Growing and strengthening west Michigan's middle class
LANSING November 13, 2015– The anti-labor group who was behind the petition drive to repeal Michigan’s prevailing wage learned what happens when you hire out-of-state contractors who don’t train their workers or pay them very well.
Protecting Michigan’s Taxpayers, a group funded by billionaire businessmen, hired Colorado-based Silver Bullet, Inc. to collect signatures to repeal the state’s 50-year-old prevailing wage law, but more than 161,000 were ruled invalid. Canvassers are now accused of misleading the public to collect signatures, as well as having people sign multiple times. Calls for a thorough investigation, prosecution and a review of the state’s circulator laws are also underway.
The board officially killed the petition drive Thursday afternoon, voting against certification after reviews by a challenger and the state revealed a large number of duplicate or otherwise invalid signatures.
All told, an estimated 59 percent of the 390,000 or so signatures submitted to the state were valid. That’s a historically low rate, according to Michigan Bureau of Elections Director Chris Thomas, who called it “disturbing.”
Silver Bullet Inc, a Nevada-based company hired to collect signatures, “clearly failed” to ensure that circulators followed a law prohibiting them from knowingly collecting duplicates, Thomas said. He noted 22 circulators had signed the petition more than once.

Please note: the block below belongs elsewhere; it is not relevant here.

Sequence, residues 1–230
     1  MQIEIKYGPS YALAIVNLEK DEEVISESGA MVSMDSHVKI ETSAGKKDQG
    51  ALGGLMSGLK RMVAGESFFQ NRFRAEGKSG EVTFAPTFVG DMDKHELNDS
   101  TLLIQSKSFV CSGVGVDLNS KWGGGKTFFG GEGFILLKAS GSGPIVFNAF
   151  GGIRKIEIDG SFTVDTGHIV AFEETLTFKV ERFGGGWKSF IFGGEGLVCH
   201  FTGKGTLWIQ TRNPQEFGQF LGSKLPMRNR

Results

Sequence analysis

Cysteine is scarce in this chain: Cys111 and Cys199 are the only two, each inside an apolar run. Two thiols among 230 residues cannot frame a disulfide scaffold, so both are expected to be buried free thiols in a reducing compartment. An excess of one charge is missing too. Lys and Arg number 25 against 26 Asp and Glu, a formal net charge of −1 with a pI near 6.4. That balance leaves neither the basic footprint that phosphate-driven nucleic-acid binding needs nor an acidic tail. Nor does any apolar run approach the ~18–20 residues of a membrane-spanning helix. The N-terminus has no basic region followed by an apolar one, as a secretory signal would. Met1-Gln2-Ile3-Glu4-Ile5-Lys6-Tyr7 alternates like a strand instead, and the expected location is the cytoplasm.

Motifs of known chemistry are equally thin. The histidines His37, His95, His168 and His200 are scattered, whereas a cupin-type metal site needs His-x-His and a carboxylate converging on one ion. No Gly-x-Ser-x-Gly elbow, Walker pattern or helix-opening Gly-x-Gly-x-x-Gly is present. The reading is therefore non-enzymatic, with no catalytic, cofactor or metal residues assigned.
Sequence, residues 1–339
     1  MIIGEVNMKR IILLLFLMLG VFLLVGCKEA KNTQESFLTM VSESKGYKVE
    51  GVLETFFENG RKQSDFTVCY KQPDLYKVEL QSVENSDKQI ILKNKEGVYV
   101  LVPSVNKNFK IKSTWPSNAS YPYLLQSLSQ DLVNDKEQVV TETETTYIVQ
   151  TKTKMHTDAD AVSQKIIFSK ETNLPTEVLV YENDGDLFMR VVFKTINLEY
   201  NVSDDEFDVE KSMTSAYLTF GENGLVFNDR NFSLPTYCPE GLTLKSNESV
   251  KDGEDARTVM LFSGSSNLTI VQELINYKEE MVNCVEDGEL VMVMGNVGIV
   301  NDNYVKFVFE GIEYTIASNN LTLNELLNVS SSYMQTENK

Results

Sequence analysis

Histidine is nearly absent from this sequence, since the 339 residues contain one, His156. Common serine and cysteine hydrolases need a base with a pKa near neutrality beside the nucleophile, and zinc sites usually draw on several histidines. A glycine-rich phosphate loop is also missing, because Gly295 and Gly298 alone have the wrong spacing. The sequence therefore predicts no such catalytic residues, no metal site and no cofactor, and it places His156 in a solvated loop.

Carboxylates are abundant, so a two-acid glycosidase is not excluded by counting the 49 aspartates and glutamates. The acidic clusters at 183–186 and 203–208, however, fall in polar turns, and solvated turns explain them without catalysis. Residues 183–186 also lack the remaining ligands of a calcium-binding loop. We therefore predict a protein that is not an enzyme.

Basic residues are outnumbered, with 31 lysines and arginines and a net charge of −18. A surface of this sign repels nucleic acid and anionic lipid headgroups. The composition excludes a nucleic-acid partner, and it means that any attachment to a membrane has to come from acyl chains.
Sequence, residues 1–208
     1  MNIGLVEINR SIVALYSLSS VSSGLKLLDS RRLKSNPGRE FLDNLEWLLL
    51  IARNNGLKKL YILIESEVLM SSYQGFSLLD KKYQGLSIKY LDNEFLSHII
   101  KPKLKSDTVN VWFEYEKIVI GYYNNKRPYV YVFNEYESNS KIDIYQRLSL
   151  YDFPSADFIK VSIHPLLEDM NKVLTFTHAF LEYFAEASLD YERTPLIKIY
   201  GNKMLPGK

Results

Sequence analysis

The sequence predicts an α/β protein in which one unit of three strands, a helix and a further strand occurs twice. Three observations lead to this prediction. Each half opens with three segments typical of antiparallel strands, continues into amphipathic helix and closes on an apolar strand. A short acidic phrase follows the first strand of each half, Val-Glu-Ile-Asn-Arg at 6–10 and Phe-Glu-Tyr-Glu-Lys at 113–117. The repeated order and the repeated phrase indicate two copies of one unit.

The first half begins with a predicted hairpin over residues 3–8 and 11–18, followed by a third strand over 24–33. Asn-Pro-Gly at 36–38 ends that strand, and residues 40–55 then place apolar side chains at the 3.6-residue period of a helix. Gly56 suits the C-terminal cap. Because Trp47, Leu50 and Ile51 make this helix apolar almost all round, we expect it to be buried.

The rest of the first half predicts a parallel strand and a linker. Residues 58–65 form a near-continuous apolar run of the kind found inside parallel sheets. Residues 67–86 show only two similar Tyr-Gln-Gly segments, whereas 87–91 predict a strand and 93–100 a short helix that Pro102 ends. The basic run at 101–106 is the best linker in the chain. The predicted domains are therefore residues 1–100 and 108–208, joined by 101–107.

The bureau still is reviewing the situation, but the names of circulators who broke the law could be turned over to local prosecutors or the attorney general’s office.
Protecting Michigan Jobs, a committee formed to fight the prevailing wage petition drive, hired a high-powered team to conduct an exhaustive signature review. They identified tens of thousands of duplicates and filed a formal challenge.
The group is calling on Michigan Secretary of State Ruth Johnson and Attorney General Bill Schuette to conduct thorough investigation of the failed petition drive, including the PMT committee.
“I would start with the top. Fish rots from its head,” spokesman Dave Waymire said.
He called the invalid signatures “evidence of massive amounts of fraud” and questioned why PMT would hire such a “terrible” signature company.
“This is a very serious challenge to our election integrity,” he said.
Michigan’s prevailing wage law requires that contracted workers hired for state-funded projects must receive union wages and be adequately trained. State Sen. Majority Leader Arlan Meekhof (R-West Olive), the Lansing politician behind Michigan’s right-to-work law, has said repeatedly that it is his mission to repeal the prevailing wage law in Michigan. From Meehof’s website:
“Since my days as a township official, I have viewed prevailing wages laws as an unnecessary burden on our schools and local communities,” said Meekhof. “It does not make sense that our taxpayers should have to pay more for improvements to our school and municipal buildings. The extra cost of prevailing wage laws siphons money away from other community priorities.”
The law is in place to protect Michigan residents, preventing low-wage and unskilled workers from constructing our roads, bridges, schools and libraries. The fact that an out-of-state company employing low-wage and unskilled workers failed to collect the correct number of signatures should show every Michigan resident the importance of keeping Michigan’s prevailing law in place.